NATIONAL elections do not repeat themselves. At their best, a public's affairs are progressive. Like an individual's or a family's, they evolve. So 1984's election should not be expected to rehash 1980's.
For one thing, the electorate has changed.
It is more centrist.
Remember the assessment that the United States public was splitting into conservative-liberal camps? Consider the Roper Organization's latest surveys on how Americans view their personal political leanings, compared with the start of the Reagan administration and 10 years ago:
Jan. '84 Jan. '81 Jan. '74 Conservative 41% 47% 42% Mid-road 34% 29% 29% Liberal 20% 19% 22%
A fair reading of the numbers is that, in the past three years, the public has eased a little away from a conservative identification toward the middle of the road.
This could partly be due to the feeling that a needed conservative balance has already been struck, and partly out of diminished enthusiasm for the administration's ideas and approach. Either way, the 1984 electorate does not look all that different from the 1974 electorate, except for the extremes having yielded somewhat.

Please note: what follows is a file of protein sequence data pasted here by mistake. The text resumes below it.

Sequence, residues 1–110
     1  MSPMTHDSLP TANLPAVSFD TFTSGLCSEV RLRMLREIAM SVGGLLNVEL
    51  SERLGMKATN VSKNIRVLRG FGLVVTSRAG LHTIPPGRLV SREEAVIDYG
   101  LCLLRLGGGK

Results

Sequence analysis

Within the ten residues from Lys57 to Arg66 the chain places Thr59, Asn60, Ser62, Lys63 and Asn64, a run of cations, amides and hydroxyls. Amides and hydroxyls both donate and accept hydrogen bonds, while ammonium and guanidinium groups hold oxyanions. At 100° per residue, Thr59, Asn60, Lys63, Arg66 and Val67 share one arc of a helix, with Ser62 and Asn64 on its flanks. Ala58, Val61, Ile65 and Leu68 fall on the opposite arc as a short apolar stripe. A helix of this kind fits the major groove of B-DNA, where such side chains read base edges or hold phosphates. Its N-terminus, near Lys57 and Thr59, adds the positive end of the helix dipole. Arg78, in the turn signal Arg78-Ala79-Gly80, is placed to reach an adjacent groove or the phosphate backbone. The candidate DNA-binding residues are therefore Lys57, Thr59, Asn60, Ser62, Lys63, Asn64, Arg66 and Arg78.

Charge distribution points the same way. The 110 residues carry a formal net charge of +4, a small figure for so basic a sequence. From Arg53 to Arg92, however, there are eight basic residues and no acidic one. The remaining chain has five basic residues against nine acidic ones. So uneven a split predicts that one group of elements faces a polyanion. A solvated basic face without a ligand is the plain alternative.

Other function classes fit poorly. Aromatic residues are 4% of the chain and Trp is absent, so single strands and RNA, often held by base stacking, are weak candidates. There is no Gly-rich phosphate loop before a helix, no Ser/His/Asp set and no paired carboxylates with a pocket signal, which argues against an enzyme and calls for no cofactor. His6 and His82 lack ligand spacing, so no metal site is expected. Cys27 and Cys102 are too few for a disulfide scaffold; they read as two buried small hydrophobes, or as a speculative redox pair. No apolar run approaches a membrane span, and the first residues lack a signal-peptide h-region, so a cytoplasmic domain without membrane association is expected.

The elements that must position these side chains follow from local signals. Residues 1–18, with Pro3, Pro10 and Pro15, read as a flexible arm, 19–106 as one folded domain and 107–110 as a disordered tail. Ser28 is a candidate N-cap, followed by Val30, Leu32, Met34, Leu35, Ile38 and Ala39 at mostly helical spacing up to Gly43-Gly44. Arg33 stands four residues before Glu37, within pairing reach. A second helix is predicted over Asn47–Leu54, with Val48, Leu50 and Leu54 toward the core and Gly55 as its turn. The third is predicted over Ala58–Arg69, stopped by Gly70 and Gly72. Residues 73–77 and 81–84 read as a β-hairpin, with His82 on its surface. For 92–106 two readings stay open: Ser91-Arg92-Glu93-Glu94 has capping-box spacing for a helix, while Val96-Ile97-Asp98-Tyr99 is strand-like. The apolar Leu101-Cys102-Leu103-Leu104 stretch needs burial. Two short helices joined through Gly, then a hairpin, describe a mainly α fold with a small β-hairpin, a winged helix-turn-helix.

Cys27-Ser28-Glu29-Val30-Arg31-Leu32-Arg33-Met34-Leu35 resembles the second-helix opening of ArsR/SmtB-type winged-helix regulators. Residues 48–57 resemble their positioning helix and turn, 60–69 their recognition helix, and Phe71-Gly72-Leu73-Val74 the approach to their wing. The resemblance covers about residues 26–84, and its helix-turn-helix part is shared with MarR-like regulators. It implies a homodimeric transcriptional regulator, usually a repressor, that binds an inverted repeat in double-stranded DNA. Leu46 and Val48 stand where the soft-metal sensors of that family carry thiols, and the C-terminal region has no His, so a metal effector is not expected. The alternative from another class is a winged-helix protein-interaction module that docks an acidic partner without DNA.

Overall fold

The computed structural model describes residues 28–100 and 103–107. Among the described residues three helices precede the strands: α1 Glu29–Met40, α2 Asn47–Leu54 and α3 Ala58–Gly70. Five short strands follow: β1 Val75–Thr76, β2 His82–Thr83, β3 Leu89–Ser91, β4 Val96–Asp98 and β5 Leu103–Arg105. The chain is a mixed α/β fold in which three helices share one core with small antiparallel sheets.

On three other 1980 issues - getting government off the back of business, the need to recharge American military might, and curbing welfare expenditures - the pattern likewise shows less political passion today.
The percentage of Americans who would like less regulation of business has fallen from 58 percent in January 1981 to 43 percent now.
The proportion of the public who want military spending ''greatly increased'' has slipped substantially since Mr. Reagan took office. Reagan won election when the appetite for greater defense spending was at its peak; now a majority think defense outlays are too great or about right:
Dec. '83 Dec. '81 Dec. '80 Too much 32% 27% 12% Too little 21% 29% 56% About right 40% 38% 24%
On welfare, the proportion who think too much is spent has declined from 69 percent to 43 percent; the number who think too little is spent has increased from 13 percent to 20 percent.
With a return to more stable earnings for many Americans at home, to what degree will US involvement in affairs abroad guide their 1984 decisions? To what degree will the Reagan administration be held accountable for the rift in US-Soviet relations? What qualities of character and leadership are the Democrats showing in their nomination campaign, which has so far been marred by bickering?
Will the fairness issue, spreading the costs and benefits of economic policy, work to the Democrats' advantage?
The few decisive 1984 issues are not yet determined. But it's clear they won't be identical to 1980's.